11. Consistency • Component failures during execution of a job should not affect the outcome of the job

  12. Scalability • Adding load to the system should result in a graceful decline in performance of individual jobs • Not failure of the system • Increasing resources should support a proportional increase in load capacity

  13. Apache Hadoop Open Source Core Storage and Processing Engine • Consolidates Everything • Move complex and relational data into a single repository • Stores Inexpensively • Keep raw data always available • Use commodity hardware • Processes at the Source • Eliminate ETL bottlenecks • Mine data first, govern later MapReduce Hadoop Distributed File System (HDFS)

  14. The Hadoop Project • Hadoop is an open-source project overseen by the Apache Software Foundation • Originally based on papers published by Google in 2003 and 2004 • Hadoop committers work at several different organizations • Including Facebook, Yahoo!, Cloudera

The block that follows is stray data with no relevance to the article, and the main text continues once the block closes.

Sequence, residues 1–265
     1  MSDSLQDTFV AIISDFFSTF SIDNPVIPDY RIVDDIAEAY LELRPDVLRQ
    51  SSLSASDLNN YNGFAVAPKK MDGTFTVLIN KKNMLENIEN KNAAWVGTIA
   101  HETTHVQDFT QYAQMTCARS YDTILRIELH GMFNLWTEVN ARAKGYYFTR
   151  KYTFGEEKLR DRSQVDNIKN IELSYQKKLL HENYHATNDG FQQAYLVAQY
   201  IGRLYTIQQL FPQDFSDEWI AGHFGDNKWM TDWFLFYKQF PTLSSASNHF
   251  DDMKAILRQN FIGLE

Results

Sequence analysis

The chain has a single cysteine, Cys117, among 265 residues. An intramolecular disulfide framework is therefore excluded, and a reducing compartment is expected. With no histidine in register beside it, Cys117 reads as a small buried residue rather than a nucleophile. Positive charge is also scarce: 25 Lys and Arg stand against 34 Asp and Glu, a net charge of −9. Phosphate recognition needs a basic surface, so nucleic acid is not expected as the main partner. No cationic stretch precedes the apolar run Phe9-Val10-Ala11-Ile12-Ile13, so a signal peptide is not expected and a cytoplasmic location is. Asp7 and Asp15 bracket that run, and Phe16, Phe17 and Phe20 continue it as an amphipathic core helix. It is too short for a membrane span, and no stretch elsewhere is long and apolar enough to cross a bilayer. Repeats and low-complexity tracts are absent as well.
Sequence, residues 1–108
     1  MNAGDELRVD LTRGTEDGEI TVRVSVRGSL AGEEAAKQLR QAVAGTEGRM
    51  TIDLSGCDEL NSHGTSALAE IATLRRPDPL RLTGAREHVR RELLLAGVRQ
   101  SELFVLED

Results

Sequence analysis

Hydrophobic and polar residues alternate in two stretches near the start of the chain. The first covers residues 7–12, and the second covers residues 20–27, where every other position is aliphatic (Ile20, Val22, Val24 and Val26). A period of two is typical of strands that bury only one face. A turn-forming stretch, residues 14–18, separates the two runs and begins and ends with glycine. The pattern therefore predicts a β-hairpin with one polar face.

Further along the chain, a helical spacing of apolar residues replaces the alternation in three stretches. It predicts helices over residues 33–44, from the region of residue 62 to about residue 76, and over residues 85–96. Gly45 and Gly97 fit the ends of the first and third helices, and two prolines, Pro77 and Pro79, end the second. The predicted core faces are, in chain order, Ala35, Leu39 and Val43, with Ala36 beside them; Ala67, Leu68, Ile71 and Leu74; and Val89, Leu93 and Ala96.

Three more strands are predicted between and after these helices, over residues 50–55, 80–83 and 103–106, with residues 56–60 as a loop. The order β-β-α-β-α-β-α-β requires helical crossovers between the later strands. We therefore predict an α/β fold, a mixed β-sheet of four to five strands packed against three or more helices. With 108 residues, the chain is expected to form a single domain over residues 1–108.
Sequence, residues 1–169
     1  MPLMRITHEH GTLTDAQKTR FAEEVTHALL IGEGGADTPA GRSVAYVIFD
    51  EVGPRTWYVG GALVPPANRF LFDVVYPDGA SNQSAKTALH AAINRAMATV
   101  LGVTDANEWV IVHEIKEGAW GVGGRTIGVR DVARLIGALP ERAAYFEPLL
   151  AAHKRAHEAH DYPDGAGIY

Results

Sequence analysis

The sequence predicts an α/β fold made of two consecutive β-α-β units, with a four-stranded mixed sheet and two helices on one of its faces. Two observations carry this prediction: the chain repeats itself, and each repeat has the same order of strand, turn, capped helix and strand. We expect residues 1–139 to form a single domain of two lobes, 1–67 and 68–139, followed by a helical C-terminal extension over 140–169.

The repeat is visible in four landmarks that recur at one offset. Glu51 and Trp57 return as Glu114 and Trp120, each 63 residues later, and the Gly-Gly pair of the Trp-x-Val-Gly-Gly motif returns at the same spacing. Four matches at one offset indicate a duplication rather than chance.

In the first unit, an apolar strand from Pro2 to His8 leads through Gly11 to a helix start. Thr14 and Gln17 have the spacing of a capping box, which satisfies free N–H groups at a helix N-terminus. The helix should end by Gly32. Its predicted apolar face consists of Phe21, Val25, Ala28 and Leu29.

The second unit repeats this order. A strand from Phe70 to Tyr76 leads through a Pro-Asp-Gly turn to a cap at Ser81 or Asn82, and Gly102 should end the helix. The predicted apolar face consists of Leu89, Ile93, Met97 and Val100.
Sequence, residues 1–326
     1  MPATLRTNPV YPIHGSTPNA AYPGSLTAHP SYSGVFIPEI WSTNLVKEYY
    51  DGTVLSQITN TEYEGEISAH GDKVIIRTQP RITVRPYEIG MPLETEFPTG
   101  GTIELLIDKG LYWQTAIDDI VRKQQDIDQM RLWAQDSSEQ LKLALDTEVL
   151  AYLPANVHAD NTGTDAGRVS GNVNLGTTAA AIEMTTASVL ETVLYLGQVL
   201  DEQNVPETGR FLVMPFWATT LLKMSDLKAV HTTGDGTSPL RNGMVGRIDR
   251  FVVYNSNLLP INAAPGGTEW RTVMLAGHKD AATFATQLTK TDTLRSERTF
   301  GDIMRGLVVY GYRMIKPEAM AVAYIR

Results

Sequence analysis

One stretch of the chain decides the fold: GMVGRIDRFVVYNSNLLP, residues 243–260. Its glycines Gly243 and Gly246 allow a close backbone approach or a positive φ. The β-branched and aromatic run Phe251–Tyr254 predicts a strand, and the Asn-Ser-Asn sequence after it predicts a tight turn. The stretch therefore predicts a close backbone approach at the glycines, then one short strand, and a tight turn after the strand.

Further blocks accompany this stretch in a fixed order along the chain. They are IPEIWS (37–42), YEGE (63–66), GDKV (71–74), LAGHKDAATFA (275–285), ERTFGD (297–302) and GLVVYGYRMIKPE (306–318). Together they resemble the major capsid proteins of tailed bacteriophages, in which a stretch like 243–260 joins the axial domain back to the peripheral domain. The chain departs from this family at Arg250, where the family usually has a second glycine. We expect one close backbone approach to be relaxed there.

15. Origin of Hadoop How does an Elephant sneak up on you? 2003 2004 2009 2010 2007 2005 2002 2006 2008 Runs 4,000 Node Hadoop Cluster Launches SQL Support for Hadoop Publishes MapReduce, GFS Paper Hadoop wins Terabyte sort benchmark Open Source, Web Crawler project created by Doug Cutting Open Source, MapReduce & HDFS project created by Doug Cutting Releases CDH3 and Cloudera Enterprise